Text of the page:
• Squatter homes partially destroyed by Typhoon Rammasun in the coastal town of Bacoor, Cavite, southwest of Manila, July 16, 2014.
  • Fishing boats amid heavy winds and rain brought by Typhoon Rammasun (locally named Glenda) as it hit the town of Imus, Cavite southwest of Manila, July 16, 2014.
VOA News

Typhoon Rammasun is headed for China after battering the northern Philippines, where it killed at least 38 people.

Philippine officials say eight people are also missing after the storm cut a path across the main island of Luzon on Wednesday.

Hundreds of thousands are still without power in the capital, Manila, and surrounding areas, where trees and power lines remain down.

Most of those killed were hit by falling trees or other debris. In the city of Lucena, at least three people died when a wall collapsed on them.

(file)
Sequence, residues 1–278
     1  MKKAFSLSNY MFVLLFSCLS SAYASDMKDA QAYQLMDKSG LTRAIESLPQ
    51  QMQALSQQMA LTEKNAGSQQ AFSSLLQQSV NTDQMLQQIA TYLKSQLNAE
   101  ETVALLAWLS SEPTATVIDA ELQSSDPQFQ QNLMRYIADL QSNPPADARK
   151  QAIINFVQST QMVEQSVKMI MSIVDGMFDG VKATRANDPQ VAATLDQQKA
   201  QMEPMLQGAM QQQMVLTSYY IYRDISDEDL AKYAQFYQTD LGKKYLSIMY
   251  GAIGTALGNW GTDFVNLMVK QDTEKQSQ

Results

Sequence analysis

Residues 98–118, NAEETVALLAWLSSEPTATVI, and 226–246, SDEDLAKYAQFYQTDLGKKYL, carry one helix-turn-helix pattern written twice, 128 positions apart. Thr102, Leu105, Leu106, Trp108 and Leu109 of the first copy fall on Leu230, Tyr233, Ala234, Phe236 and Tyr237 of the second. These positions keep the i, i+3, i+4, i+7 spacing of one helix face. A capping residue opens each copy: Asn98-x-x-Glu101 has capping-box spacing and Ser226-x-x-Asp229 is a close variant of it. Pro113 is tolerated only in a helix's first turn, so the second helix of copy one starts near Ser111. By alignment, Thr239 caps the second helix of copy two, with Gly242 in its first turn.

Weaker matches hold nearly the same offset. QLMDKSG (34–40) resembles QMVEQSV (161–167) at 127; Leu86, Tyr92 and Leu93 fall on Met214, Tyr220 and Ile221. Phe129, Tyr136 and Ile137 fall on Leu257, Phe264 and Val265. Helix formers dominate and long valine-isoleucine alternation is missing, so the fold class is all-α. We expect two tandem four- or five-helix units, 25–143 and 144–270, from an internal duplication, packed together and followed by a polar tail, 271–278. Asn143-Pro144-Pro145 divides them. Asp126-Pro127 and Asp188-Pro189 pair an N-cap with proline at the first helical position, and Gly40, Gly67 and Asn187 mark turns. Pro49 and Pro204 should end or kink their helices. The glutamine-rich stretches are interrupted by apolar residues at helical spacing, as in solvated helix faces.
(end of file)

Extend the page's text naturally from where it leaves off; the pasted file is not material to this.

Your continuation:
Forecasters believe the storm will regain its category three strength as it moves over the warm waters of the South China Sea in the direction of Hainan Island, which is home to nearly 9 million people.

Rammasun, which means "God of Thunder" in Thai, is now a category one storm, with sustained winds of up to 130 kilometers per hour and gusts of up to 160 kilometers per hour.

The storm, which is moving northwest at about 25 kilometers per hour, is expected to make landfall in southern China sometime on Friday.

China's official Xinhua news agency said strong gales, downpours and high tides are expected along the country's southern coast.